During the mid-1960s, Oakeshott declared an admiration for Wilhelm Dilthey, one of the pioneers of hermeneutics. On History can be interpreted as an essentially neo-Kantian enterprise of working out the conditions of the possibility of historical knowledge, work that Dilthey had begun.
The first three essays set out the distinction between the present of historical experience and the present of practical experience, as well as the concepts of historical situation, historical event, and what is meant by change in history. On History includes an essay on jurisprudence ('The Rule of Law') and a pessimistic re-telling in the modern setting of the story of 'The Tower of Babel', in which modern Western societies fall victim to their own materialism and greed.
Oakeshott's other works included a reader on The Social and Political Doctrines of Contemporary Europe consisting of selected texts illustrating the main doctrines of liberalism, national socialism, fascism, communism, and Roman Catholicism (1939). He was editor of an edition of Thomas Hobbes's Leviathan (1946), for which he provided an introduction recognized as a significant contribution to the literature by later scholars such as Quentin Skinner. Several of his essays on Hobbes were published during 1975 as Hobbes on Civil Association. He wrote, with his Cambridge colleague Guy Griffith, A Guide to the Classics, or How to Pick The Derby Winner (1936), a guide to the principles of successful betting on horse-racing; this was his only non-academic work. He was the author of well over 150 essays and reviews, most of which have yet to be republished.
Just before he died, Oakeshott approved two edited collections of his works, The Voice of Liberal Learning (1989), a collection of his essays on education, and a second, revised and expanded edition of Rationalism in Politics itself (1991). Posthumous collections of his writings include Morality and Politics in Modern Europe (1993), a lecture series he gave at Harvard in 1958, Religion, Politics, and the Moral Life (1993), essays mostly from his early and middle periods, The Politics of Faith and the Politics of Scepticism (1996), a manuscript from the 1950s contemporary with much of the material in Rationalism in Politics but written in a more considered tone.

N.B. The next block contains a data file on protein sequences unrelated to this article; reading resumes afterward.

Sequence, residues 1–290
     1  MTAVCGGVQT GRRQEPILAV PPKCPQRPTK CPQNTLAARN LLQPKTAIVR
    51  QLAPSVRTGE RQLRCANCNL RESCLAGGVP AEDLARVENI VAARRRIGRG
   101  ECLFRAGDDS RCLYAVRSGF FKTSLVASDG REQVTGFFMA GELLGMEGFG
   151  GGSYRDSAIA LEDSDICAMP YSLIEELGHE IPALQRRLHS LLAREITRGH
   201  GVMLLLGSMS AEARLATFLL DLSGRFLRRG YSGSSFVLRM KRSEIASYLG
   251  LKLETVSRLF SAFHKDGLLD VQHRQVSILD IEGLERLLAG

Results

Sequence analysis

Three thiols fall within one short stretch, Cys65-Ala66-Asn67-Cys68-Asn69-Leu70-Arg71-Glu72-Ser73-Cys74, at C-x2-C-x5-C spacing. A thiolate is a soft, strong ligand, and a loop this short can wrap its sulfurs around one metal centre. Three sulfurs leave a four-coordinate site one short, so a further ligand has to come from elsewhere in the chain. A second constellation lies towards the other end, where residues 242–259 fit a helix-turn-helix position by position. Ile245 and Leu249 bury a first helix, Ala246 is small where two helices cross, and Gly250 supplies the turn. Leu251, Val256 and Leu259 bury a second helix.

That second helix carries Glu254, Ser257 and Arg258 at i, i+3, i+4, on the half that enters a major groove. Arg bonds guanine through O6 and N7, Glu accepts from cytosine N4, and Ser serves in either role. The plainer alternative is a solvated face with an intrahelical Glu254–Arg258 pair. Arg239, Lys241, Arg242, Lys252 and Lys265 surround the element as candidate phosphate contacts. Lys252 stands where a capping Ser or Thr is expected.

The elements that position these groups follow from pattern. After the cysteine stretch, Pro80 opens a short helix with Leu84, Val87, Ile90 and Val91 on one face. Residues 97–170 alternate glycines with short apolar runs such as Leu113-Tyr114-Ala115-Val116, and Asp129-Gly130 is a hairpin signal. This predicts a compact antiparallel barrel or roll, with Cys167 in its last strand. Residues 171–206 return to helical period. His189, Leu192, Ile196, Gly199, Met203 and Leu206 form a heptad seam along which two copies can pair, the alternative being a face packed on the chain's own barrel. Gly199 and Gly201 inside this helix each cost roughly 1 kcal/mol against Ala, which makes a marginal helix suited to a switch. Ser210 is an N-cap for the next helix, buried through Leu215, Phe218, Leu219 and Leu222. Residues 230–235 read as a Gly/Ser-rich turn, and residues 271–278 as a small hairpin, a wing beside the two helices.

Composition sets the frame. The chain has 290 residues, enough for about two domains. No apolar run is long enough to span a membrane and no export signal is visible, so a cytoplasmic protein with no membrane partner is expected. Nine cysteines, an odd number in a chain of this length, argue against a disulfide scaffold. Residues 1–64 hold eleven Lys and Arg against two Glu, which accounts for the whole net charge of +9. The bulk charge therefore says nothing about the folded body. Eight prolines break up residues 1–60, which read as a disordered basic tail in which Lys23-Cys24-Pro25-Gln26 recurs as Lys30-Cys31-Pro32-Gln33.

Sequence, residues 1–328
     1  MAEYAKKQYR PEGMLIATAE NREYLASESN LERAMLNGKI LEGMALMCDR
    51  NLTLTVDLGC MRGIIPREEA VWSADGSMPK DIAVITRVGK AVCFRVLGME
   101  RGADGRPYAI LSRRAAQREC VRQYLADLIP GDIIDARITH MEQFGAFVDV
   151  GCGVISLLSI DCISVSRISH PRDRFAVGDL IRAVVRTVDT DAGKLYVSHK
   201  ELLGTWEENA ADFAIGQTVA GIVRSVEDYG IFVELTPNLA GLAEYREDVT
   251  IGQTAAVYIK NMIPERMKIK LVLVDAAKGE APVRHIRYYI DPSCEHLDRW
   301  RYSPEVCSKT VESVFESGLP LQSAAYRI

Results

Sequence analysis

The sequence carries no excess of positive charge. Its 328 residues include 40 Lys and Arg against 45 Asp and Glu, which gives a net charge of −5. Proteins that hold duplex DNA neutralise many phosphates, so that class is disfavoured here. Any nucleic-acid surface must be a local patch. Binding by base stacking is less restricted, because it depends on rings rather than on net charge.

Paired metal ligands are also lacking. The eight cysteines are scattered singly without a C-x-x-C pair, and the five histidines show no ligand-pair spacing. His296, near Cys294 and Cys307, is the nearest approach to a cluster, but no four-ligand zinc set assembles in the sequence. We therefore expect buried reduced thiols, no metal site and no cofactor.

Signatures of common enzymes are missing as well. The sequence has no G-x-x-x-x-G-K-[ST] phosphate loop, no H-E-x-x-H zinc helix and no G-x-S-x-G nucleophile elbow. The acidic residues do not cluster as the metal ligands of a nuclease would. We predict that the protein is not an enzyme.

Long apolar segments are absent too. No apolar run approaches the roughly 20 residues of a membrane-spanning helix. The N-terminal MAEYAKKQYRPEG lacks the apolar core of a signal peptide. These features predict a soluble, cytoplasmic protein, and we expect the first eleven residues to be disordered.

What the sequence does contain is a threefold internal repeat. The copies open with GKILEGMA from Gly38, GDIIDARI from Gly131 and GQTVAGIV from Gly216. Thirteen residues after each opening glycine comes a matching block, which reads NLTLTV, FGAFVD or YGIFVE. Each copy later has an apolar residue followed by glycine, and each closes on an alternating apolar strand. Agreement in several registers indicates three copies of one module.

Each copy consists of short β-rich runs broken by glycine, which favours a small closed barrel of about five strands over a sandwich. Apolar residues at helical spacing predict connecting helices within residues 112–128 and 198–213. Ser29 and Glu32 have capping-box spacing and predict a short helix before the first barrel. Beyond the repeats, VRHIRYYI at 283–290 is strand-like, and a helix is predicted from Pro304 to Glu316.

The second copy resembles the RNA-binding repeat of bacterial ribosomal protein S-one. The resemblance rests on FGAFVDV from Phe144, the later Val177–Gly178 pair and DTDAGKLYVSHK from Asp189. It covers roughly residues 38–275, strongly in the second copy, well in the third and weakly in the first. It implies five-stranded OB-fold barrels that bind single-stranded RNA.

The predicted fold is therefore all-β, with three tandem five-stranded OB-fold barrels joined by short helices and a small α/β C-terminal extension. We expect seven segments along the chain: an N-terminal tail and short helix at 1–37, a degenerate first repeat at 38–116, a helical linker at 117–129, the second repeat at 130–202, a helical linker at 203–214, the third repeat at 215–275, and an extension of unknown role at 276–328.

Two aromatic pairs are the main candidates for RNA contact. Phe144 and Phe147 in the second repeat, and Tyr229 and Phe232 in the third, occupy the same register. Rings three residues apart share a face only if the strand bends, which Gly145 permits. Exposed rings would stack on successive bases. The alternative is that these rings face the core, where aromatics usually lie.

The bulk of his papers are now in the Oakeshott archive at the London School of Economics. Further volumes of posthumous writings are in preparation, as is a biography, and during the first decade of the 21st century a series of monographs devoted to his work were published.
- 1933. Experience and Its Modes. Cambridge University Press
- 1936. A Guide to the Classics, or, How to Pick the Derby. With G.T. Griffith. London: Faber and Faber
- 1939. The Social and Political Doctrines of Contemporary Europe. Cambridge: Cambridge University Press
- 1941. The Social and Political Doctrines of Contemporary Europe, 2nd edition. Cambridge: Cambridge University Press
- 1942. The Social and Political Doctrines of Contemporary Europe with five additional prefaces by F.A. Ogg. Cambridge: Cambridge University Press
- 1947. A New Guide to the Derby: How to Pick the Winner. With G.T. Griffith. London: Faber and Faber
- 1955. La Idea de Gobierno en la Europa Moderna. Madrid: Ateneo
- 1962. Rationalism in Politics and Other Essays. London: Methuen (Expanded edition – 1991, by Liberty Fund)